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Ming Zhen Shakya

The Importance of Being Wanted

by Ming Zhen Shakya, OHY
    "Those who are ashamed of what they ought not to be ashamed and are not ashamed of what they ought to be, such men, embracing erroneous views, enter the woeful path."
            -- The Buddha, The Dhammapada, Canto XXII, Verse 316

Oscar Wilde and J.K. Huysmans have each left us, by the curious conjugation of their art and the opposed responses to their literary success, testaments to the importance of making right decisions when a life filled with wrongs demands action and change. Francis Thompson, a contemporary of theirs, also contributes, as a kind of amicus curiae, much to the case under consideration.

For most of us there comes a time in life when we realize we've reached the point of samsaric saturation and cannot process one more stressful datum. If we are to continue functioning, we must either increase capacity or shut the system down. The choice, then, is either of decadence - that wretched state in which more and more is required to achieve less and less, or of turning back, shunning the world and all its spurious enticements and - to use one of the loveliest expressions in our religion - to take refuge in the Buddha.

A clarification may be helpful: "Turning back and shunning the world" doesn't mean an automatic or immediate entry into sacred precincts; and decadence isn't mere decay, as if the organism is desiccating or being scavenged in an ashes to ashes, dust to dust process.

Fashion serves to illustrate the decadence we mean: back in the Sixties, for example, when bell-bottomed pants were introduced, the new style delivered a rush of pride to those privileged to wear it. Then, as the fashion became ubiquitous, the thrill declined; and those pants that widened gracefully at the ankle in the true uniform of sailors no longer supplied the same prideful pleasure. To reinvigorate the thrill, the following year's fashion had to have a wider bell; and the year after that it was necessary to insert a triangular section of fabric to widen the bell so much that it flared out from the knee; and then finally to have it look like the skirt of a flamenco dancer, one per leg. Not until width was maxed-out and pleasure exhausted did trouser leg fashion became straight again. The same was true of ladies' shoulder pads a few years ago. Large padding quickly became extra-large which became huge and not until a woman's head resembled a raisin sitting atop a loaf of bread did disgust let the shoulder pads shrink to realistic proportions.

It is this function of decay, this inverse relationship - increasing stimulus and decreasing reward - that is the driving force of corruption. The risks must be greater, the pain more intense, the action more outrageous, the drug stronger, the subjugation more abject - all to offset a diminishing satisfaction.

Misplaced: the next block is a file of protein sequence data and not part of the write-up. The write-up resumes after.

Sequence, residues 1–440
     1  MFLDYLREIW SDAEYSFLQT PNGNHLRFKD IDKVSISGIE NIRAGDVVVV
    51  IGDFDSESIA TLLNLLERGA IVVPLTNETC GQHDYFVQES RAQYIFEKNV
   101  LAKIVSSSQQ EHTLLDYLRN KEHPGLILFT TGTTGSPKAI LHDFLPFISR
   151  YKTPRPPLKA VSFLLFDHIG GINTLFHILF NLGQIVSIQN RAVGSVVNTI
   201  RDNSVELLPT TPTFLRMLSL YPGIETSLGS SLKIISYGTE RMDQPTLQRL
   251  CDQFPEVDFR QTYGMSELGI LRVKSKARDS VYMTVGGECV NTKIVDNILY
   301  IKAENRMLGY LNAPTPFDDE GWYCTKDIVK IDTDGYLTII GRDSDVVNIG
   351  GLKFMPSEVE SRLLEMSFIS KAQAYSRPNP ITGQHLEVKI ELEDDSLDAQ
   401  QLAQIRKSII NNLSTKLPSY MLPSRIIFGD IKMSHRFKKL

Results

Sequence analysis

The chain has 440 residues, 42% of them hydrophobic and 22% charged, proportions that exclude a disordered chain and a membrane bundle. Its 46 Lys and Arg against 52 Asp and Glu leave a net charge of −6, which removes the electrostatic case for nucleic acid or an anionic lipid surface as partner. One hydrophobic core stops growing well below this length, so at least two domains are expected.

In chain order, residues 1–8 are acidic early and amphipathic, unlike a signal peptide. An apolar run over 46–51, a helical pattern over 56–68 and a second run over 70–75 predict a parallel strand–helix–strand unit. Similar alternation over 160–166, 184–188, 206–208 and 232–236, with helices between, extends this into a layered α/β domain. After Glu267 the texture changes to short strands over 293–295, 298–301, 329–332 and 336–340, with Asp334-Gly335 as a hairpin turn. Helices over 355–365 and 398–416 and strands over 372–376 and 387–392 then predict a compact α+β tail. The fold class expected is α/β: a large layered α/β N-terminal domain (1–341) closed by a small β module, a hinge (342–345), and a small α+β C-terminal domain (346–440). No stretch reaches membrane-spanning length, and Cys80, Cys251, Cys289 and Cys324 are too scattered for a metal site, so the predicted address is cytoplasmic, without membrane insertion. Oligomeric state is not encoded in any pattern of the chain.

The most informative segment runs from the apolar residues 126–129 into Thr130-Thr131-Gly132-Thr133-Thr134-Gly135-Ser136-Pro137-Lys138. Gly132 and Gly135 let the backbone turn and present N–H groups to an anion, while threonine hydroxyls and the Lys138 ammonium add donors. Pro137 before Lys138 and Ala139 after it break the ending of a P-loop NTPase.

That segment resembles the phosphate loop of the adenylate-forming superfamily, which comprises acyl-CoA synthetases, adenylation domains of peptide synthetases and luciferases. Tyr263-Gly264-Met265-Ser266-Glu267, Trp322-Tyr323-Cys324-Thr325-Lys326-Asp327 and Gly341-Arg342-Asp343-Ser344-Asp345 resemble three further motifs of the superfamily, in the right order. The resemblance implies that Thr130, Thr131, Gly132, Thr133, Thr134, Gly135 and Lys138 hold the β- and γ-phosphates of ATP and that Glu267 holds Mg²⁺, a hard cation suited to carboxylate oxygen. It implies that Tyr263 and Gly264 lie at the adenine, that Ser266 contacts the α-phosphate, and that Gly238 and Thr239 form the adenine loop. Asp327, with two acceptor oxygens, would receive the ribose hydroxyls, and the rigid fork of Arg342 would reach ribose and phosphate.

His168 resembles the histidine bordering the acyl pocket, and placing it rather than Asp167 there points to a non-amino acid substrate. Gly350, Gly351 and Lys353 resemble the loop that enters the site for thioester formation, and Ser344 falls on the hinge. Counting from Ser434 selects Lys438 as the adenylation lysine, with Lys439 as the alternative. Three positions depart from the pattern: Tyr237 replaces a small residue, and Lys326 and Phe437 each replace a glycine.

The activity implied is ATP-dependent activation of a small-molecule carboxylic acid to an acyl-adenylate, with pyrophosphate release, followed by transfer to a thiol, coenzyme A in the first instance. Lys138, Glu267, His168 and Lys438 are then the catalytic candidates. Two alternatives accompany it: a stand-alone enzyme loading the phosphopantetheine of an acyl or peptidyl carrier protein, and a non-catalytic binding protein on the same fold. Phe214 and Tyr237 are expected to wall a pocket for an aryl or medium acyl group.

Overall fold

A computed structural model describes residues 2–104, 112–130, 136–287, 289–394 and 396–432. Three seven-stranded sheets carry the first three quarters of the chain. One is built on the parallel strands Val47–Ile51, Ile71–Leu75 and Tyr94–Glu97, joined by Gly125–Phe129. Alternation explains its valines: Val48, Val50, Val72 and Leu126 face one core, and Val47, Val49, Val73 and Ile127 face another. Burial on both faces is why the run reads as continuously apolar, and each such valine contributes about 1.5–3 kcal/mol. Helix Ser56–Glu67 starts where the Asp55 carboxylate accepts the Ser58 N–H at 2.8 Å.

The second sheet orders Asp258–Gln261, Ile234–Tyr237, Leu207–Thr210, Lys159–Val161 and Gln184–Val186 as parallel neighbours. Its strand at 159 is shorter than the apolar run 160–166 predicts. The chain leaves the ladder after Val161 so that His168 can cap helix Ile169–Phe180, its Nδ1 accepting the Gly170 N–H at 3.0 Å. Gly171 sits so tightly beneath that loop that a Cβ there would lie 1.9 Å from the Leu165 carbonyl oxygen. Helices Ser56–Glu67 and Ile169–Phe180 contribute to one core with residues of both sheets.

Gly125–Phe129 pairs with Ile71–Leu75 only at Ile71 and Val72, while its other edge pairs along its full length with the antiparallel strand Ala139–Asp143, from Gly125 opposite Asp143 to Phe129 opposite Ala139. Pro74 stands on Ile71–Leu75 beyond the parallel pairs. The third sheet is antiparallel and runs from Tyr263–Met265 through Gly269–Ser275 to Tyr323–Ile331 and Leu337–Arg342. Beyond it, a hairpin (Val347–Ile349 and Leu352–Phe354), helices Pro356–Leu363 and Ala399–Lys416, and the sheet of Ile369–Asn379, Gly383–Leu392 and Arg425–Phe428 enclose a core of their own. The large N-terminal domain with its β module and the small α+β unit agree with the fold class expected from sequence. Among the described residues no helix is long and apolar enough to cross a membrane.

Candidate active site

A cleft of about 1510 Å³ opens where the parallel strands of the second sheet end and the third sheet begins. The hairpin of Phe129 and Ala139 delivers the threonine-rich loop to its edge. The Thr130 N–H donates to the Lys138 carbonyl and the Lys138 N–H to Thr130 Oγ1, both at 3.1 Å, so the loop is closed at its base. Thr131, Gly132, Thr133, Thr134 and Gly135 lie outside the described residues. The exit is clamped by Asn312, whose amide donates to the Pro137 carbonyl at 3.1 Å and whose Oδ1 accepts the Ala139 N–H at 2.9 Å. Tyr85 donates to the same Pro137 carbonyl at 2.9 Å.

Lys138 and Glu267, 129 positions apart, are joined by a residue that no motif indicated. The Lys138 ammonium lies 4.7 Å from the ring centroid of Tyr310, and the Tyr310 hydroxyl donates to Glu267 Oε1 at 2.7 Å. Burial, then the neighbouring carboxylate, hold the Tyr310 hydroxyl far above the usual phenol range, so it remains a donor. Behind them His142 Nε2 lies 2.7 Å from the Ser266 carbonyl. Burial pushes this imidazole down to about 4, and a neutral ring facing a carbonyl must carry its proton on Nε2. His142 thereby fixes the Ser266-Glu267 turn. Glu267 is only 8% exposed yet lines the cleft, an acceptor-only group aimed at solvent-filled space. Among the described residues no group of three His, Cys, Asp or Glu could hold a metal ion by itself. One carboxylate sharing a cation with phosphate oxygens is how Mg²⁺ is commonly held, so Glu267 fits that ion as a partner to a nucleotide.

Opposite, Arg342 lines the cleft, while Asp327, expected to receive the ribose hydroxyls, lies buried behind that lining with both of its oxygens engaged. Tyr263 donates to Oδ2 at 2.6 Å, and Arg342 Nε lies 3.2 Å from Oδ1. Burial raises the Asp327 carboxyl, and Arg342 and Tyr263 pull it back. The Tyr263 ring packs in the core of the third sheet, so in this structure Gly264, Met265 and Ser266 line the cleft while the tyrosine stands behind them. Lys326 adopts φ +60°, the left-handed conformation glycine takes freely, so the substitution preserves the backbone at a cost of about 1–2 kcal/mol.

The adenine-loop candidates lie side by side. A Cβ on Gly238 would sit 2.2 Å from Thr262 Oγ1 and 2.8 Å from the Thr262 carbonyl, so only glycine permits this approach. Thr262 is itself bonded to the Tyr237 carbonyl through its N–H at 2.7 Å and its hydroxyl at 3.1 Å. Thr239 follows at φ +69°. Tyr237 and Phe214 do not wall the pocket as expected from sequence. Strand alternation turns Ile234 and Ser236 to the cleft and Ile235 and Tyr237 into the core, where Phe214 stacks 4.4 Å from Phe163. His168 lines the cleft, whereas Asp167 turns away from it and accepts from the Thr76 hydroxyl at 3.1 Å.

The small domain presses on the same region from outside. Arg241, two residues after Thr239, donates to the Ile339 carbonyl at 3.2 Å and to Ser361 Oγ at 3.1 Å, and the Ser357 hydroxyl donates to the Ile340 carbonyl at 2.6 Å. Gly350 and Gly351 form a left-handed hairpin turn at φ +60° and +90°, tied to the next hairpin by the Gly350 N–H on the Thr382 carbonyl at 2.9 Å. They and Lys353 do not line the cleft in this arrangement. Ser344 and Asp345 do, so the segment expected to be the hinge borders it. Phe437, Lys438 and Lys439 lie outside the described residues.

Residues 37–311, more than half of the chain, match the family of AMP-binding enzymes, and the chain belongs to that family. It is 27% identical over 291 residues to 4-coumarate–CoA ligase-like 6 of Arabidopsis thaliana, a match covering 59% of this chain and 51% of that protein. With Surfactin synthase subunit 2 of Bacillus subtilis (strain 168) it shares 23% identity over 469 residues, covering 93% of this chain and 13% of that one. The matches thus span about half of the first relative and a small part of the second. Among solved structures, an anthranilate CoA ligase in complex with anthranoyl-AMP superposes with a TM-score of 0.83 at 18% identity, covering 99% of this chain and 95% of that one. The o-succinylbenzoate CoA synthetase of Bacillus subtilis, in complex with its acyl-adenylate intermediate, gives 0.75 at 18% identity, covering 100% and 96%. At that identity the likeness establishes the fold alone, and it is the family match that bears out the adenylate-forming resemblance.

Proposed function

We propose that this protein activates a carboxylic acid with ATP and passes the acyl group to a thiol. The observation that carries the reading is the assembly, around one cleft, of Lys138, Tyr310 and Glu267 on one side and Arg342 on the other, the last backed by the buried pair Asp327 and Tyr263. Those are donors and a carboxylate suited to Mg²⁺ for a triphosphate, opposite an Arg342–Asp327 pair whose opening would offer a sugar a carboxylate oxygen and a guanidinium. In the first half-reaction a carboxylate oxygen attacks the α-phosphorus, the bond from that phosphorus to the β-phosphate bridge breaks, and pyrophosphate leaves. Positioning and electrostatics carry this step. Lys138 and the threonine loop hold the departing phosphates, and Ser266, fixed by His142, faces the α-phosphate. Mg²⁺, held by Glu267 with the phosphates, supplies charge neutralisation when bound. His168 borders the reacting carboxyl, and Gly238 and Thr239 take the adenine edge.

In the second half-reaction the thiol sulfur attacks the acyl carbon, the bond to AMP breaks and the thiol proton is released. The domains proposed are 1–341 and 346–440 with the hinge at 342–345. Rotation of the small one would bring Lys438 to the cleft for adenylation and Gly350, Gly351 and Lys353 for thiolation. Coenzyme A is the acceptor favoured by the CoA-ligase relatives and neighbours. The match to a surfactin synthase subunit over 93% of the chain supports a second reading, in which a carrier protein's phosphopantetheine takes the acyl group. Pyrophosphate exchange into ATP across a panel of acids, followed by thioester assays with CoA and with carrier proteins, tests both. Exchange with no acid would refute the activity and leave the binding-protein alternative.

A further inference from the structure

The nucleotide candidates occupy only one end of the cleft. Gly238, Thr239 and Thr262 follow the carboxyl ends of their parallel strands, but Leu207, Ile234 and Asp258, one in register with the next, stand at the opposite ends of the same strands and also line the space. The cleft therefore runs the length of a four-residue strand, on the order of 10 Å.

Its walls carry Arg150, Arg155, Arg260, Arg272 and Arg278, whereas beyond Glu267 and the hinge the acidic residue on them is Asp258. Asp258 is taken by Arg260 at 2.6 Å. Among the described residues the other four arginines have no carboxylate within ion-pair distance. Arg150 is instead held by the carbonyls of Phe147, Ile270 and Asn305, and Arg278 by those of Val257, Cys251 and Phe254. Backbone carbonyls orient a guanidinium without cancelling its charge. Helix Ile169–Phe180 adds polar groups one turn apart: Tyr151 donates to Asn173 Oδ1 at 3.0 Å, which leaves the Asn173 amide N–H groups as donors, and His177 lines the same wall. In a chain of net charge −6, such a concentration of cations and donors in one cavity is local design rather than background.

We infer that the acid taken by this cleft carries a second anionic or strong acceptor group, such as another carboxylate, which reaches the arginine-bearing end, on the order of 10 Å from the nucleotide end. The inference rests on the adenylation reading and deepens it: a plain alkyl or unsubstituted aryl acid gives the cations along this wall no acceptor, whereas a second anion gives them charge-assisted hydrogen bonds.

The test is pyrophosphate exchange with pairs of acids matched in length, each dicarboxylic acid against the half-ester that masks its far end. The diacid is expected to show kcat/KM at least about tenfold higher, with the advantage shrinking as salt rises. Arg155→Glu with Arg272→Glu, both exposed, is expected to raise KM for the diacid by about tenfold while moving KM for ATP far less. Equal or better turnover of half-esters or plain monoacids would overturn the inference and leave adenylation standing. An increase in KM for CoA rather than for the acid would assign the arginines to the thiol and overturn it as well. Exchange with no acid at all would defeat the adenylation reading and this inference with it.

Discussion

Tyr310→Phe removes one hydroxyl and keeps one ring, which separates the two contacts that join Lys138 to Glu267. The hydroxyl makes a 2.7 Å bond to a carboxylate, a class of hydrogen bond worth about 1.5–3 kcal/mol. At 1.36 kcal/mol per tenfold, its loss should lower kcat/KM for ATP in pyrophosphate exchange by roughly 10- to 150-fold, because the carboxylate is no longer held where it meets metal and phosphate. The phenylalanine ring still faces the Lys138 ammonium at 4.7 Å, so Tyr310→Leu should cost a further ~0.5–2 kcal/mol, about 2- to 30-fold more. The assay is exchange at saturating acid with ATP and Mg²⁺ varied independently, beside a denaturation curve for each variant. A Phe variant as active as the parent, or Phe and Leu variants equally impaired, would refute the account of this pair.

And when stress is caused not by immorality but rather by burgeoning social, family or professional difficulties, we may likewise find our ability to cope severely compromised.

If we increase our tolerance by chemical means, we discover that tranquilizers- taken even in quantities sufficient to induce suspended animation - can take us just so far. Even zombies, we realize, have limits on what they reasonably can be expected to endure.

Or, if we increase capacity by using more efficient machinery, we feel collared by electronic gadgetry and leashed, shorter and tighter, to the Devil of Accessibility. Justifiably we wonder if Heaven is defined as that place which cannot be scanned by satellite.

In any case, we continue spiraling downwards until death or infirmity ends the decline or until some spiritual counterforce intervenes, causing us to become aware of our situation and to recoil from it so completely that we reverse our course. The journey back, however, is not guaranteed to be quick. Months or years may pass in which we plod along, existing with vague feelings of anxiety and guilt. We feel displaced, haunted, hunted. We are spiritual fugitives who seem to have "Se Busca" written above our face. "Wanted." We need a new identity, an alias. Some of us will come to Zen to get it.

Huysmans, Wilde and Thompson lived almost entirely within the second half of the nineteenth century. And if they were not giants in literature, they surely were men of considerable stature. They were all products of the dotage of Naturalism, that literary period in which human beings were depicted as they supposedly really were, unvarnished by manners, unencumbered by titles, ordinary folks who lived ordinary lives while sinning and suffering in terribly ordinary ways. The genre had gone through its own decadent phase and the unnatural or artificial had become the fashion of the day. Nature had to be improved upon. Bookshelves could no longer hold the depressing number of people who were forced into prostitution, dying of tuberculosis, being shipwrecked or committing suicide; and the reading public wanted a tad more in the way of hedonism: no drunks, just wine and roses.

An aesthetic mode seized the imagination, a mode that revived ancient Greek culture. And in this mode, a style of life had prevailed - a style on which even Plato seemed to put his imprimatur - where quasi or more than quasi-homosexual, mentor/pupil male relationships were de rigueur, the unqualified norm among the educated leisure class, a class in which women were brood-mares, consigned to women's quarters whenever philosophy - a subject which then included all science and art - was being discussed by men. Lysistrata said it all: a woman's leverage for making a political point depended entirely on the fulcrum of a bed.